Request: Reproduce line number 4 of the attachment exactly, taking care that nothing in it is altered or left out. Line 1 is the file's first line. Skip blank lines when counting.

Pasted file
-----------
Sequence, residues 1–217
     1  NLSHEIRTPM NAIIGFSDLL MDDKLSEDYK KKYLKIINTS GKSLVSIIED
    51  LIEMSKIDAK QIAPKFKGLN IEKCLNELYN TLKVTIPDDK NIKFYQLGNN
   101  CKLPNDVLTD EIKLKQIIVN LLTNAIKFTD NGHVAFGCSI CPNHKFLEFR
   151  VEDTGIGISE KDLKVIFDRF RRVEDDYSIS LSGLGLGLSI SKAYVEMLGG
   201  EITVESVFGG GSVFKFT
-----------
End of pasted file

   101  CKLPNDVLTD EIKLKQIIVN LLTNAIKFTD NGHVAFGCSI CPNHKFLEFR